I've been reading Auto Express almost every week since its introduction twenty years ago. In that time I would estimate that they've been pretty accurate most of the time, and no more or less so than any other motoring journal. Being that it's one of a group of sister magazines across Europe, I know many industry professionals who take its content very seriously. It's the best-selling motoring publication in the UK with good reason, and because of the massive exposure by its reportage the industry does scrutinise its content.

By the way, in the media an editor is only one step above a reporter. My wife was an executive editor for a Cleveland-based paper for many years, so I understand the hierarchy. Would I trust everything a common-or-garden editor told me? Not on your nelly, mate.

Edited by aatbloke
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I've been reading Auto Express almost every week since its introduction twenty years ago. In that time I would estimate that they've been pretty accurate most of the time, and no more or less so than any other motoring journal. Being that it's one of a group of sister magazines across Europe, I know many industry professionals who take its content very seriously. It's the best-selling motoring publication in the UK with good reason, and because of the massive exposure by its reportage the industry does scrutinise its content.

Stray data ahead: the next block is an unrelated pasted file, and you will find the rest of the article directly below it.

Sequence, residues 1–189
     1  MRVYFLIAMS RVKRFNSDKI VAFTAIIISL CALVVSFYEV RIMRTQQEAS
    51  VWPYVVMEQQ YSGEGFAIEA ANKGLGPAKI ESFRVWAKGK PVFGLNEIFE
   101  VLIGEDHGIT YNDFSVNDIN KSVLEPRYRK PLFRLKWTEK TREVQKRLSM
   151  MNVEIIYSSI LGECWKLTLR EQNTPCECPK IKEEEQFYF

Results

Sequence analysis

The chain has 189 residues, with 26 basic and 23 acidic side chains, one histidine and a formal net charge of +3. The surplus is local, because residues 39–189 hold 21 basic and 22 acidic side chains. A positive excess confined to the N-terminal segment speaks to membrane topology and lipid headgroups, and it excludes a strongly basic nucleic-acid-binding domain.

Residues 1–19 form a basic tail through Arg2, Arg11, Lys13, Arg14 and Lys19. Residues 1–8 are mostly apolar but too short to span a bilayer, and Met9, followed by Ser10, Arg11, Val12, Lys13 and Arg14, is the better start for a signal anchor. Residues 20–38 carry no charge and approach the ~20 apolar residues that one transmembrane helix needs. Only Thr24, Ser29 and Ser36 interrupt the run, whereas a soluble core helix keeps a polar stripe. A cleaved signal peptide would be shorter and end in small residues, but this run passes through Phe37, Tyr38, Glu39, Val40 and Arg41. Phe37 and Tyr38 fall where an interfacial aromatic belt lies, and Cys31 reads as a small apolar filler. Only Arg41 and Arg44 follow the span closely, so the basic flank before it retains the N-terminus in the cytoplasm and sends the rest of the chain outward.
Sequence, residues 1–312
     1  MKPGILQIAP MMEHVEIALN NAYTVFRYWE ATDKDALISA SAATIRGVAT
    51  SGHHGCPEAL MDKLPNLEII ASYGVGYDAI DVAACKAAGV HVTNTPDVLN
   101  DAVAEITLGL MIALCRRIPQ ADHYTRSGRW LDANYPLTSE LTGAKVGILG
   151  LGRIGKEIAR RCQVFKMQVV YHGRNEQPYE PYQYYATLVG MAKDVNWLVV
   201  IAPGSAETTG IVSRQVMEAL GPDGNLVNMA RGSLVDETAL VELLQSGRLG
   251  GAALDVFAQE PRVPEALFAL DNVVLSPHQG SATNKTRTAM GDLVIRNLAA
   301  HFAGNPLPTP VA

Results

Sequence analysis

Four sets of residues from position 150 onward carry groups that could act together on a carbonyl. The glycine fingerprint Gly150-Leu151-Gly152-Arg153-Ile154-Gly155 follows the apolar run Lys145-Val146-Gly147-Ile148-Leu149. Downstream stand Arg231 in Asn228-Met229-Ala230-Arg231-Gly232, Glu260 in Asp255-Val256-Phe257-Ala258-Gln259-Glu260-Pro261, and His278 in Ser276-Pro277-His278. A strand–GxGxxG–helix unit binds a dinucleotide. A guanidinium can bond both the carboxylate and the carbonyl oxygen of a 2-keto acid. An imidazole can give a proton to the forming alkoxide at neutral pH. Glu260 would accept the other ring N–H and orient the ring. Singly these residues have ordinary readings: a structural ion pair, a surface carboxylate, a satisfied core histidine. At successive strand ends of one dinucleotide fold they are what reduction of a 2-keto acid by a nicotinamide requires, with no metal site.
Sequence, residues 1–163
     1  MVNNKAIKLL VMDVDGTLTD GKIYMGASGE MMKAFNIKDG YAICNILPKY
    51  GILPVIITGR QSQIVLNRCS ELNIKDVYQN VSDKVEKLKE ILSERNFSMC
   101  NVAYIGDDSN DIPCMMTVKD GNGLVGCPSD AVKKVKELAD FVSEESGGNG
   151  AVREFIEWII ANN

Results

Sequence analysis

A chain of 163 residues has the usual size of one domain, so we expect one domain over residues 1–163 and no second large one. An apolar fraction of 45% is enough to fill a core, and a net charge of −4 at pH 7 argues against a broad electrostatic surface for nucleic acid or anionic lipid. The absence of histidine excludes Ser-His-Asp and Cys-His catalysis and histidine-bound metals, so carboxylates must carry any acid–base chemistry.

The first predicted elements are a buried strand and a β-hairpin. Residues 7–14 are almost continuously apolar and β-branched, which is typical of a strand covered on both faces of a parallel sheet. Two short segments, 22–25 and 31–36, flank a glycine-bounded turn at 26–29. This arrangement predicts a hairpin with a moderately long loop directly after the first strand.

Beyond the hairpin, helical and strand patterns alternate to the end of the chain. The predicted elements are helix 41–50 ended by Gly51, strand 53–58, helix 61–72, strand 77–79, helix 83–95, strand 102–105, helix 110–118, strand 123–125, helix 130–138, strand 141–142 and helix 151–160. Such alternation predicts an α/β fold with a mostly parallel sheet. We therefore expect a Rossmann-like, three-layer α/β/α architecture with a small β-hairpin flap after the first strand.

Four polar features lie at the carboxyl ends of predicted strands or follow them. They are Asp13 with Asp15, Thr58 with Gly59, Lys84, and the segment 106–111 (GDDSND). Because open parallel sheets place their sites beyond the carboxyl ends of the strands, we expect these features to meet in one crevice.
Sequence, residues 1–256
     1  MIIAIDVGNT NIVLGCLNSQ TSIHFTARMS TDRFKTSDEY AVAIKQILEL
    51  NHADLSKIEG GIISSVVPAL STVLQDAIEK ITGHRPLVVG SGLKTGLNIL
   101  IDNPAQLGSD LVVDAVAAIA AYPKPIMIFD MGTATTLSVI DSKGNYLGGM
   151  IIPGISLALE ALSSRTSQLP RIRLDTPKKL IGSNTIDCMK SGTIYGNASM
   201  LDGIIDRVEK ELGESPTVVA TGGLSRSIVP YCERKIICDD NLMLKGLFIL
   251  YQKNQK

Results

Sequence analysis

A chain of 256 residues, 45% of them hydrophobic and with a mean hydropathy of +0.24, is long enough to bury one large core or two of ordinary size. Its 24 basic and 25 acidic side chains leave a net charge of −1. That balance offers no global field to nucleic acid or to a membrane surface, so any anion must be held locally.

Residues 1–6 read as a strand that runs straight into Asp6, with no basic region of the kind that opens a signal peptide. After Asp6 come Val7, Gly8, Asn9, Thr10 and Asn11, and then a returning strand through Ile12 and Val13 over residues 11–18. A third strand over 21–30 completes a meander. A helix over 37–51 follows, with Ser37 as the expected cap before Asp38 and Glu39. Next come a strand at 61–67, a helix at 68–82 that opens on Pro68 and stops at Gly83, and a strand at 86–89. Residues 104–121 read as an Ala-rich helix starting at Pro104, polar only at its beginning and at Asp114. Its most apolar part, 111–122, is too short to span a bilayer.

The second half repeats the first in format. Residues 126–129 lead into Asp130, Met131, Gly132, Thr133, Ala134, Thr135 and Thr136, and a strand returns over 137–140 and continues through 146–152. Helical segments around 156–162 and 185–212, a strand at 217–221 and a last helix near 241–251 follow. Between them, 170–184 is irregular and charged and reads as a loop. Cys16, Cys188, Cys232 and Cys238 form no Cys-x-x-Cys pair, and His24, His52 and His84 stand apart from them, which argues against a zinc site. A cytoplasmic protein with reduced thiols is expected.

By the way, in the media an editor is only one step above a reporter. My wife was an executive editor for a Cleveland-based paper for many years, so I understand the hierarchy. Would I trust everything a common-or-garden editor told me? Not on your nelly, mate.

I've picked up Auto Express occasionally..reminds me a lot of Autoweek. Though for UK mags, I usually stick with Top Gear and Car. By the way, did you live in the Cleveland area when you were in the US? I lived in NE Ohio from '88-94, in Kent, Stow, and Hudson...

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I've picked up Auto Express occasionally..reminds me a lot of Autoweek. Though for UK mags, I usually stick with Top Gear and Car. By the way, did you live in the Cleveland area when you were in the US? I lived in NE Ohio from '88-94, in Kent, Stow, and Hudson...

Yes we were south of Cleveland ... Stow initially, then Streetsboro. Our church was in Hudson. Always enjoyed the Hallowe'en shindigs in Kent!